At 11:56 a.m. Sunday, Ken Recine picked up his boat’s VHF radio and called “Mayday.”
His 14-foot Malibu, on then-Tropical Storm Beryl’s heavy seas, had just been slammed — and quickly swamped — by a wave in Charleston Harbor.
Sully Witte, his wife and the editor of The Moultrie News, and her 10-year-old daughter clung to a cooler and the side of the submerged boat. Their dog, Porscha, stood on a bench with his paws underwater.
Twenty minutes later, two U.S. Coast Guard ships and a helicopter arrived to rescue the trio and their dog.
The family had been camping on the back of Morris Island, saw Beryl’s projected path Saturday night and decided they’d break camp the next morning.
But once they rounded Cummings Point into the harbor and saw its choppy water — the Coast Guard reported four-foot waves near the rescue site — Recine realized they needed to get back to the island to re-evaluate their approach.
In turning around, the boat took on some water, and its engine cut off, but still, Recine said, there wasn’t much cause for concern.
“I just thought the engine was giving me a hard time,” he said.
That’s when the wave hit. Now, Recine’s boat is doing fine. It was towed ashore and sustained no damage on Sunday, save for a lost seat cover.
The rescue was just one of four made by the Coast Guard in the Charleston area over the Memorial Day weekend. In all, 11 people were rescued in the Charleston Sector’s area of responsibility, which covers South Carolina and Georgia, according to Vernon Roland, a senior chief in the sector’s command center.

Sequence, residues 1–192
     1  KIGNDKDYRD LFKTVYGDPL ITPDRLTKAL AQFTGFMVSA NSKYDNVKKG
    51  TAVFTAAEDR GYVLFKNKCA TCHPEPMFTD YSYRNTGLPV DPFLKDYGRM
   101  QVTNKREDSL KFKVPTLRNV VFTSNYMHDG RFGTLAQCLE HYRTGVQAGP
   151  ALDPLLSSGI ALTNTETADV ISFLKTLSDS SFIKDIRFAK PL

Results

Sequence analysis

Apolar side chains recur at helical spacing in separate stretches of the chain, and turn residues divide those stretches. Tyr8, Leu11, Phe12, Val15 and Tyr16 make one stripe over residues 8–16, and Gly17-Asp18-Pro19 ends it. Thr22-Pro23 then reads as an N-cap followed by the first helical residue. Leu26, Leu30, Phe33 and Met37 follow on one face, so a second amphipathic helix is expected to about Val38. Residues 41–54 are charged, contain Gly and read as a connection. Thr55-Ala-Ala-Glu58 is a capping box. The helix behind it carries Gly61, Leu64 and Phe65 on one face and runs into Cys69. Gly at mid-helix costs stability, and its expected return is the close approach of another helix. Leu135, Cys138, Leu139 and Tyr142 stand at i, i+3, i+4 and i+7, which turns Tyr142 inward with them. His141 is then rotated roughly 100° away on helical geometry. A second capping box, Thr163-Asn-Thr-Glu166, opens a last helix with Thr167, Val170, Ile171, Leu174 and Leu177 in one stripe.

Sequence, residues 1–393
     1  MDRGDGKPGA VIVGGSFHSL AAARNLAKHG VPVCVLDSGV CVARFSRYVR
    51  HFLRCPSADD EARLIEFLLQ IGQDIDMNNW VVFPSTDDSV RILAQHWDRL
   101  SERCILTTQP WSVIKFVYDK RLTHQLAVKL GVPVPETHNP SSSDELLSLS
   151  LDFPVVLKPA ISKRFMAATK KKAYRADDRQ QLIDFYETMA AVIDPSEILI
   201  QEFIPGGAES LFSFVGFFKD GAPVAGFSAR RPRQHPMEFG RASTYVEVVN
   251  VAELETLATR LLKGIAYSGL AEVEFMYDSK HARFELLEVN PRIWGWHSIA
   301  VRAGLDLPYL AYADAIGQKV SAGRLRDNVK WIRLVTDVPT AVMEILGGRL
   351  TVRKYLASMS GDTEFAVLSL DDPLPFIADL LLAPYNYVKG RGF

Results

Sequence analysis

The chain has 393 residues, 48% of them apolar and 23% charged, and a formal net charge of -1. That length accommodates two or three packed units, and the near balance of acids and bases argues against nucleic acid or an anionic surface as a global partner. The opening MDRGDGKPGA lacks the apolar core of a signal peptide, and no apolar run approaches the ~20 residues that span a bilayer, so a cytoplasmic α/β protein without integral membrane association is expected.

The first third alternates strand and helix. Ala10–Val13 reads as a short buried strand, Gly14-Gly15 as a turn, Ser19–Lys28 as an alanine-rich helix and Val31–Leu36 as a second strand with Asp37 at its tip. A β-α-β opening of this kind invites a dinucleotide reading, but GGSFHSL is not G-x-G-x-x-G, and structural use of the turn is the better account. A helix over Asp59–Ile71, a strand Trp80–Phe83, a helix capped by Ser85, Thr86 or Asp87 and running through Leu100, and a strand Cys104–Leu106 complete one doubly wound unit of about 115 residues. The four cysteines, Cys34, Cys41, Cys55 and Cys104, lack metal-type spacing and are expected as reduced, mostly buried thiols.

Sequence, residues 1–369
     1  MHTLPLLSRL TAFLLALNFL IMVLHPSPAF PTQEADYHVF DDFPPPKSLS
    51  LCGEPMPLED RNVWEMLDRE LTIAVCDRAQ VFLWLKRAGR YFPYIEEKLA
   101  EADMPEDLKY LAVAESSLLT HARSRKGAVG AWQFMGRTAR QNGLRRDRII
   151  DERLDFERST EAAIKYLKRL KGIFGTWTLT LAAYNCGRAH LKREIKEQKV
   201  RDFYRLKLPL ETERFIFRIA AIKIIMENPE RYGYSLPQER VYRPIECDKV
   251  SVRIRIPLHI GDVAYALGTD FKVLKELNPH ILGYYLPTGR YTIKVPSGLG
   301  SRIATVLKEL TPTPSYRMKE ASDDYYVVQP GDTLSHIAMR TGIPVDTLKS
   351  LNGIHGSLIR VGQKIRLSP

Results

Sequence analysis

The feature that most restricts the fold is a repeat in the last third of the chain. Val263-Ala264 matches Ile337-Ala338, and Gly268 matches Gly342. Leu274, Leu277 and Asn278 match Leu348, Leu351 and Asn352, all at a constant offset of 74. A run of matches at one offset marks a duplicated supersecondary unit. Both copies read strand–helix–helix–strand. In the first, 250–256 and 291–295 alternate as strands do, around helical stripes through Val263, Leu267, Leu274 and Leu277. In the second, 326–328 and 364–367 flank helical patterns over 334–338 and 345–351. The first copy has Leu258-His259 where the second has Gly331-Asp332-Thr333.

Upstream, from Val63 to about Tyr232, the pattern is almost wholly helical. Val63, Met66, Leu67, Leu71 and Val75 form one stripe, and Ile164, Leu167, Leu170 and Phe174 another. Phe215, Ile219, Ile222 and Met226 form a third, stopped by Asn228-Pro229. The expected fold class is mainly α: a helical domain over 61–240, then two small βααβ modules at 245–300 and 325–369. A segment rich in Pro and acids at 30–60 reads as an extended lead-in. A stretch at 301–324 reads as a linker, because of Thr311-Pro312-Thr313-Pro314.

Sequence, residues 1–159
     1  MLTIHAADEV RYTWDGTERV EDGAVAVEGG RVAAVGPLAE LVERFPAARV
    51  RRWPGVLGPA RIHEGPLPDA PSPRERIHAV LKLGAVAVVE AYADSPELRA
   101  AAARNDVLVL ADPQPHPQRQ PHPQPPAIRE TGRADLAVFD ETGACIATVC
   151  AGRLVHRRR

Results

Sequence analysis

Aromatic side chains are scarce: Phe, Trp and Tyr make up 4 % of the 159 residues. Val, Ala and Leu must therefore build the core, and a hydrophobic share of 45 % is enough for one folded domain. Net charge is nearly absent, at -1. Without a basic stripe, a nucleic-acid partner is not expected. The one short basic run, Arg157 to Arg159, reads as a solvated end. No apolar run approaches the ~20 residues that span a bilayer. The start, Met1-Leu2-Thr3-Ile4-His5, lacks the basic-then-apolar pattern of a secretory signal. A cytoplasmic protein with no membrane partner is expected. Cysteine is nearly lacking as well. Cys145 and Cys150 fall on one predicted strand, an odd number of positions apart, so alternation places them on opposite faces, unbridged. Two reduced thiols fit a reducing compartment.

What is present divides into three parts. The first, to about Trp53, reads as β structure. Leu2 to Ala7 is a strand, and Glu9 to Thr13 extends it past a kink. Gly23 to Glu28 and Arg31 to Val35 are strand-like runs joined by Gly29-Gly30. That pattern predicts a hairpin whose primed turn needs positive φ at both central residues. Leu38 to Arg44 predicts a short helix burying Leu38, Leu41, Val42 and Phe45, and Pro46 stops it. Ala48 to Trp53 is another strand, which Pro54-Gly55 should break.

The experience, Recine said, shows how important — and useful — having a waterproof VHF radio can be.
His mayday call brought an unidentified woman on a personal watercraft to help retrieve their things and caused Fort Sumter’s Spirit of Charleston to set out for them.
“If that was a cellphone, it would’ve died right away, because everything got wet,” he said, adding that a phone reaches just one person. “You put out ... any call for help on a VHF, you can hit five or six hundred people in one shot.”
It’s also reinforced their belief in carrying life jackets on board.
The S.C. Department of Natural Resources offers other boating safety rules and tips. Boaters, it says on its website, should keep tabs on the weather, tell people on shore where they’re headed and stay with their boat if it’s swamped.
Even then, things change quickly and can go awry quickly. When it does, Recine suggested a good sense of humor doesn’t hurt either.
“I looked over at (my stepdaughter),” he said, recalling their 20 minutes in the water, “and I asked her, ‘So how’s your day?’”
Reach Thad Moore at 958-7360 or on Twitter @thadmoore.